Texas Accountability System Causes "Avoidable Losses," Study Finds

Status: 
Archived
Subject: 
K-12 Testing

FairTest Examiner - April 2008

A new report finds that the Texas accountability system, the model for the federal No Child Left Behind law and many state exit exam systems, depresses graduation rates. The negative effect is most severe for African Americans, Hispanics, and English language learners.

The study by Rice University Professor Linda McNeil and colleagues estimates that 135,000 Texas high school students leave school per year. McNeil and her coauthors analyzed one large urban district and found an overall graduation rate of just 33%.

According to “Avoidable Losses: High-Stakes Accountability and the Dropout Crisis,” the casualties are a direct result of high-stakes accountability systems designed to maximize test scores. The elimination of thousands of low-scoring students artificially boosts scores. Creating the appearance of rising achievement and narrowing achievement gaps helps schools reap higher ratings. As a result, some administrators receive bonuses and politicians bask in the light of "success." Meanwhile tens of thousands of students are driven from the system.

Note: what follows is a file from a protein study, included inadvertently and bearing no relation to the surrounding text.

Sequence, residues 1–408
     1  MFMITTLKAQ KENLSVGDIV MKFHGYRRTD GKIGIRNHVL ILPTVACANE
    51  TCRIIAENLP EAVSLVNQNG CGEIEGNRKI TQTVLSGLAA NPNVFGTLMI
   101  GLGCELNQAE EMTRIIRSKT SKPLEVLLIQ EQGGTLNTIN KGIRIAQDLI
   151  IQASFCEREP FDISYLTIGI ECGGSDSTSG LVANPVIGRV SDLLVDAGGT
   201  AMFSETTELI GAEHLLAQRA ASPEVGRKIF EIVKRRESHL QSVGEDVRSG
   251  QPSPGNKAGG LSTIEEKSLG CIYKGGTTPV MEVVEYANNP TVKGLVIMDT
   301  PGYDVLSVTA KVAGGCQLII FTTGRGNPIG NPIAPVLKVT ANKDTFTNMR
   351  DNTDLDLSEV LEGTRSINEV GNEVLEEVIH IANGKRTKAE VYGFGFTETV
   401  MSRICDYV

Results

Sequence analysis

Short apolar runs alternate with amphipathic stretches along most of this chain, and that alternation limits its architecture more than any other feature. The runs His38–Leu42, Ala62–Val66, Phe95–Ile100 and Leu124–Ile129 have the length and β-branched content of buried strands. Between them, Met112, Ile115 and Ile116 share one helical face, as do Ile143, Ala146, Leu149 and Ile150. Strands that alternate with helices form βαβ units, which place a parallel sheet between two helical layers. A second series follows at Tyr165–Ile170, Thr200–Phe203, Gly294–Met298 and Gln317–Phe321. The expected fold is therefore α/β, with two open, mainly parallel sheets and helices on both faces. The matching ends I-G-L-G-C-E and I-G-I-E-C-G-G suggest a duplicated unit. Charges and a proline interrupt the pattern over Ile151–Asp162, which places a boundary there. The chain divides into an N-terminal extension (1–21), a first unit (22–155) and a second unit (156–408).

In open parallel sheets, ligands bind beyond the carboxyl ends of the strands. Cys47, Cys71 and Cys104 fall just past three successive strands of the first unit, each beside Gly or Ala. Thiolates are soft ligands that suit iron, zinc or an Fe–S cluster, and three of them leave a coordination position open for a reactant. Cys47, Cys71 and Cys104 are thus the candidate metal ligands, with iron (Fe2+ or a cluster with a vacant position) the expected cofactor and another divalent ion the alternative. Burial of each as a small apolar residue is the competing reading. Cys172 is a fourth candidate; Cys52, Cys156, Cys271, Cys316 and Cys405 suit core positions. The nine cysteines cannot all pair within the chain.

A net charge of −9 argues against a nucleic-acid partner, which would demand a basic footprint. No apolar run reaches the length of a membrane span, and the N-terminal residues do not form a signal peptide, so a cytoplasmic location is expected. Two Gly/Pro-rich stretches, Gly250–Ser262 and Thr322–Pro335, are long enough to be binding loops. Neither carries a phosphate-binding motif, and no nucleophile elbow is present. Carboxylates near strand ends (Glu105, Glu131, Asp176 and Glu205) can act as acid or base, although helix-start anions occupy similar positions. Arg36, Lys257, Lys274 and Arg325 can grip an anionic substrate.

NCLB’s demand that test scores be disaggregated by race has been touted as a civil rights tool to force schools to pay closer attention to struggling minority students. In Texas it has not worked. Rather, "The triaging of minority youth out of our schools becomes not a side effect of standardized accountability, but an avoidable loss to make the system look successful."

Other findings included:

• The system promotes test-drill curricula that increase the likelihood students leave school without graduation.

• Zero tolerance attendance and behavior rules also alienate students and feed dropout statistics.

• Because of the degradation of the curriculum, zero tolerance and increased retention in 9th grade, students experience school as arbitrary and confusing, which also leads them to drop out.

The study is available at http://epaa.asu.edu/epaa/v16n3/.